Are Women Slaves to Beauty?
What does it take to feel beautiful? Perhaps a little bit of time, make-up, and a breathtaking dress; or at least that's what we have been programmed to believe. Without a doubt, all of the magazines, advertisements, and make-up beauty tips have influenced women’s beliefs about what it means to be beautiful. An artificial image of beauty has been imposed on each and every woman in our culture.
I would like to begin with the fact that women have always been known to dedicate their time to beauty. Those who are devoted to their appearance most often believe that beauty brings power, popularity, and success. Women believe this, because they grow up reading magazines that picture beautiful women in successful environments; not to mention they are popular models and world famous individuals. Beautiful women are no longer just a priority for most advertising, but we have become a walking target for the working class employers. It is documented that better-looking attorneys earn more than others after five years of practice, which was an effect that grew with experience (Biddle, 172). We cannot overlook the fact that it is always the most popular and most beautiful girl who becomes homecoming-queen or prom-queen. While these are possible positive effects of the "beauty myth," the negative results of female devotion to beauty undercut this value. These effects are that it costs a lot of money, it costs a lot of time, and in the long run, it costs a lot of pain.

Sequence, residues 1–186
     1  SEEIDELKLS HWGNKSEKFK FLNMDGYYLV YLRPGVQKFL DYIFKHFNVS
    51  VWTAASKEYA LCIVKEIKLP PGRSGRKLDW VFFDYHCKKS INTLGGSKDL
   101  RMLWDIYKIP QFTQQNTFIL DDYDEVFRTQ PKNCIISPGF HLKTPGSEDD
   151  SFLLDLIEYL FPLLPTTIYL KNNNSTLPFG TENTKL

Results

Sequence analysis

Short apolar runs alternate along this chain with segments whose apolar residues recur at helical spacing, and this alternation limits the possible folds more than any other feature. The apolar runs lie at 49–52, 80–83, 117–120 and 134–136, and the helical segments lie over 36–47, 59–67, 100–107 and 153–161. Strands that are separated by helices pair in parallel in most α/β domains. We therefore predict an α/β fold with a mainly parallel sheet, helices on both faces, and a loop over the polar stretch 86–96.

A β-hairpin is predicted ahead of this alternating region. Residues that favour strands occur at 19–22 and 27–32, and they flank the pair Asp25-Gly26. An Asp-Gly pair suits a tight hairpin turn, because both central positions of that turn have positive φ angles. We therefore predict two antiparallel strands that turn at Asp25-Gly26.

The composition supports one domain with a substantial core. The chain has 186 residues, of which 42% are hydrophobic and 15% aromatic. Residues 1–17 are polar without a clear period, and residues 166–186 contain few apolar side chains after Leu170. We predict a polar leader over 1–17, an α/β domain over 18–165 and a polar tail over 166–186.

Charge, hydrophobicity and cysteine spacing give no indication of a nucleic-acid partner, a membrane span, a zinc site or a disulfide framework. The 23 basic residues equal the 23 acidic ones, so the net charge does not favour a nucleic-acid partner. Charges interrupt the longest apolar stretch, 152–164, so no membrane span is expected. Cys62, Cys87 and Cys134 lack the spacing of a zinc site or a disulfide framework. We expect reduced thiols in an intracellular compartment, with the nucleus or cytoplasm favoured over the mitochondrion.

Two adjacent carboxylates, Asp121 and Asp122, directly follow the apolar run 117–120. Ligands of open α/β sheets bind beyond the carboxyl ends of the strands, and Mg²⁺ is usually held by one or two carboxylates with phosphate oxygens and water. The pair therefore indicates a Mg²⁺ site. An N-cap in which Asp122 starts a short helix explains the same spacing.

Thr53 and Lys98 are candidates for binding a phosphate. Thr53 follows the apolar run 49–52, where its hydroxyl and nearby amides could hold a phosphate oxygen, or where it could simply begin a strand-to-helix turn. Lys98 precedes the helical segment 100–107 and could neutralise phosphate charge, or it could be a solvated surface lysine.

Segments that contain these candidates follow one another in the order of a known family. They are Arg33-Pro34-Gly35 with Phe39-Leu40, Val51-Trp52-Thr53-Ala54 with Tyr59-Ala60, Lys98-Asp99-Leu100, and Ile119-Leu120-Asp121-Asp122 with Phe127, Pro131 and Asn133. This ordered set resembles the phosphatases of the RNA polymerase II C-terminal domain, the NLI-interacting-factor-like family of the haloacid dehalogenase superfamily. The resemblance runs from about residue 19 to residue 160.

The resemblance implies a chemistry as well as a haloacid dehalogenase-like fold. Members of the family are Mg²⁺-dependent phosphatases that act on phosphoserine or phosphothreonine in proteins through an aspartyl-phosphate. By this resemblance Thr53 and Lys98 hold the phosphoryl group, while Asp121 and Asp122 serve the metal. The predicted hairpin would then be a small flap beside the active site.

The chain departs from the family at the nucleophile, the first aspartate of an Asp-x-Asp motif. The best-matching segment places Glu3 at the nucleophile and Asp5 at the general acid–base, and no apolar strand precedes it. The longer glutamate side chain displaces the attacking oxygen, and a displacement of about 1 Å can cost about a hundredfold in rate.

First, women spend huge amounts of money to improve their looks. So here we are unable to escape the reality that we can never be flawless or blemish free; moreover, as long as women have the belief that all greatness derives from beauty, they will never conquer this vicious cycle. What we don't understand is that there is nothing special about conventional beauty (Morin). Also, in order for women to get their hands on secret beauty tips, they have to exchange large sums of cash for the revelation of this unessential information. Most of these beauty tips are advertised in magazines or books, which tend to be very costly. A one-year subscription to an a la mode magazine could range from fifty to seventy dollars. After purchasing the information on how to improve their looks, women must then go out and buy the "necessary" products that are used to actually "improve" their looks. These products include make-up, hair dyes, nail polish, curlers, hair dryers, and curling irons; you name it, we buy it. Some make-up foundations price from $25-$45 per ounce (Working Woman vl15, 104). The most popular of all cosmetics is the portable make-up compact that we carry to avoid the risk of social criticism (Vogue vl184, 198). As far as looks are concerned, chances are women will never be satisfied. This mad rush for beauty is never ending. Furthermore, doesn't it stop with physical appearance? Heck no! Women want to flounce around in that new seasonal...